Research shows that learning new skills can also improve your mental wellbeing by:

  • boosting self-confidence and raising self-esteem
  • helping you to build a sense of purpose
  • helping you to connect with others

Give to others

Research suggests that acts of giving and kindness can help improve your mental wellbeing by:
  • creating positive feelings and a sense of reward
  • giving you a feeling of purpose and self-worth
  • helping you connect with other people

Stress Awareness

Stress is the body’s reaction to feeling threatened or under pressure. It’s very common, can be motivating to help us achieve things in our daily life, and can help us meet the demands of home, work and family life.


Stress awareness has become a topic of increasing concern in the modern workplace, with Health and Safety asking us to look beyond physical risks and hazards to recognise the need for management of employee well-being. According to the NHS: “ Stress is the feeling of being under too much mental or emotional pressure.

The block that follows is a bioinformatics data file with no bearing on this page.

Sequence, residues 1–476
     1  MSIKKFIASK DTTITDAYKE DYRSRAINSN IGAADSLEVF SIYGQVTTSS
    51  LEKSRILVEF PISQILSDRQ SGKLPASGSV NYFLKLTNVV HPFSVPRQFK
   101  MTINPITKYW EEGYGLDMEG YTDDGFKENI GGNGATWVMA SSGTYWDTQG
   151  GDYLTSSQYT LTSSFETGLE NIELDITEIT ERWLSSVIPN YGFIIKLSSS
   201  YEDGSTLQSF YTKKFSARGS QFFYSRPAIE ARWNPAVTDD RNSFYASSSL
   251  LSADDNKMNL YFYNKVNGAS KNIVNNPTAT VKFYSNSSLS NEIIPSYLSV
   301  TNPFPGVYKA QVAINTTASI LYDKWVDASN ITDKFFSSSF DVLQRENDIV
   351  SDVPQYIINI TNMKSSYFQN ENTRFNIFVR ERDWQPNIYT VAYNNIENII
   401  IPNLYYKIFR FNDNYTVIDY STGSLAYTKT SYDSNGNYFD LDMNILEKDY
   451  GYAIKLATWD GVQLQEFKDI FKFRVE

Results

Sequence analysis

What are the signs of stress?

  • Anxious
  • Afraid
  • Angry or aggressive
  • Sad
  • Irritable
  • Frustrates
  • Depressed – These feelings can sometimes produce symptoms, making you feel even worse

April is National Stress Awareness Month.

Stress Awareness Month is held each April, to increase public awareness about both the causes and cures of stress. According to the Mental health Foundation 74% of UK adults have felt so stressed at some point over the last year they felt overwhelmed or unable to cope.

We all know what it’s like to feel stressed – being under pressure is a normal part of life. But becoming overwhelmed by stress can lead to mental and physical health problems or make existing problems worse. Millions of people around the UK are experiencing high levels of stress if you are one of them, it may be damaging your health.